Stratigraphic and structural controls on the occurrence of saline springs within the Illinois Basin, U.S.

Samuel V Panno, W. R. Kelly, Z. Askari, K. C. Hackley, J. Krothe

Research output: Contribution to journalArticlepeer-review


Saline springs within intracratonic basins are a common, but rarely studied phenomena. Derived primarily from the mixing of basin brines (evaporated seawater) with shallow groundwater and/or freshwater recharge, there are many saline springs within the Illinois Basin. These include free-flowing springs, bedrock seeps into otherwise freshwater aquifers, and salt licks. In this study, a total of 44 saline springs, seeps, licks and wells were sampled. The chemical compositions of the saline springs of the Illinois Basin are dominated by Na and Cl- with a combined concentration as high as 60,000 mg/L. Some of the springs are enriched in H2S supporting populations of white filamentous, sulfide-oxidizing bacteria. Because the spring water contains a component of basin brines, and because basin brines of the Illinois Basin have been well characterized by others, ion mass ratios were used to identify the geologic period of the source formation(s). In general and on a basin-wide scale, saline groundwater discharge occurred along geologic structures and from strata along the margins of the Illinois Basin, originating from every period of the basin's geologic strata (Cambrian through Pennsylvanian). The greatest number of saline springs occurred where geologic structures intersect large streams or major aquifers. Saline springs were often found in clusters that may extend over many square kilometers. The occurrence of saline springs are a reflection of the geology, geologic structure, geologic history including continental glaciation, surface water-groundwater interactions, groundwater flow regimes, and overall groundwater chemistry within the Illinois Basin. In parts of the Illinois Basin, our data suggest that brines within strata of older geologic periods have migrated upward along geologic structures, infiltrated strata of younger geologic periods, and mixed with, and in some cases, replaced brines within those strata. The source of salinity in springs within the center of the Illinois Basin is typically brines from geologic strata that outcrops and subcrops along structures associated with the LaSalle Anticlinorium. Salt licks that occur near the southeastern boundary of the Illinois Basin in Kentucky constitute points of discharge for regional groundwater flow from the basin. The Cl/Br and K/Cl mass ratios of the salt licks in Kentucky suggest that the saline groundwater is a mixture of brines from Cambrian and Ordovician strata.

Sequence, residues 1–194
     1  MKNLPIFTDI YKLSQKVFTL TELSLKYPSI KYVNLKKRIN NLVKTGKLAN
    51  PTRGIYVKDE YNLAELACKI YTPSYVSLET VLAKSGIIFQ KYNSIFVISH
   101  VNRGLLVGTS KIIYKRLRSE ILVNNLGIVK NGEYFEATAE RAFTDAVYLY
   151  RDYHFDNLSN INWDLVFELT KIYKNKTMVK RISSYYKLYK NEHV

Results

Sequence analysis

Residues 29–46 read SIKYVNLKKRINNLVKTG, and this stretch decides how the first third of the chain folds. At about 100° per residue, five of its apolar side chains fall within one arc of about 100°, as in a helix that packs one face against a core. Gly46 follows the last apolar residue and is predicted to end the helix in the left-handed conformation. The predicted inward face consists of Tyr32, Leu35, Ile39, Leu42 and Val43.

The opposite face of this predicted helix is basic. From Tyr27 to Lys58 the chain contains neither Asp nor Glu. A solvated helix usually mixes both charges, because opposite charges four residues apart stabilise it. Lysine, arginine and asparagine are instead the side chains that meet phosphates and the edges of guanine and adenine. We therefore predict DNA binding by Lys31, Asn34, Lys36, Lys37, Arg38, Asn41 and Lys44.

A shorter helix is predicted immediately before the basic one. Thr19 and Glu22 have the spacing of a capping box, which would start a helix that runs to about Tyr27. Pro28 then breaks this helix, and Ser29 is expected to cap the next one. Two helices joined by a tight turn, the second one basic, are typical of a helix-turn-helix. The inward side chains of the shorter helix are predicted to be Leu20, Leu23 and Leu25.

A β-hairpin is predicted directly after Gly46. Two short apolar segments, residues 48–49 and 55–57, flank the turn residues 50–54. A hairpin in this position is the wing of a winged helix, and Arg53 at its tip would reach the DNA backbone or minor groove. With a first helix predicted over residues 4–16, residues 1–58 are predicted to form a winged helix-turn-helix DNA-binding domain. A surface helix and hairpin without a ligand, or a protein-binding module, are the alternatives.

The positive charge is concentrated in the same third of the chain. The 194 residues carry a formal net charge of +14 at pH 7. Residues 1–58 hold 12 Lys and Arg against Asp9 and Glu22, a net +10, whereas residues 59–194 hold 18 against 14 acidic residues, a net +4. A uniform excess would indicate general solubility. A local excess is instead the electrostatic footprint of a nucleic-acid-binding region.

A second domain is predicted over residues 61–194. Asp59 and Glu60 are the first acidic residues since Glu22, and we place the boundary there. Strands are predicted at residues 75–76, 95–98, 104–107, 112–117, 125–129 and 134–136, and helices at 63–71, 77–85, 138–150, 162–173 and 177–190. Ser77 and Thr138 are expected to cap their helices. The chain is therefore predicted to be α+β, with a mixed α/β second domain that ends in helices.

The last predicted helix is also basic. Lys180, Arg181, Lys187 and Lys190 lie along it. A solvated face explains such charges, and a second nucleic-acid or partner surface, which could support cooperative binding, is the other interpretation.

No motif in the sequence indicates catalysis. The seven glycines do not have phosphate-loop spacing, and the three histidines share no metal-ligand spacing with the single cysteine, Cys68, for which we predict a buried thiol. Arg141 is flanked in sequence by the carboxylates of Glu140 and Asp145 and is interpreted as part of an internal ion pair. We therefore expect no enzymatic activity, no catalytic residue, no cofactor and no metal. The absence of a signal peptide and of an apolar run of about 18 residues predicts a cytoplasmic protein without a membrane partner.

Original languageEnglish (US)
Article number127823
JournalJournal of Hydrology
StatePublished - Jul 2022


  • Basin brines
  • Continental glaciation
  • Intracratonic basins
  • Paleozoic sedimentary rocks
  • Saline anomalies

ASJC Scopus subject areas

  • Water Science and Technology


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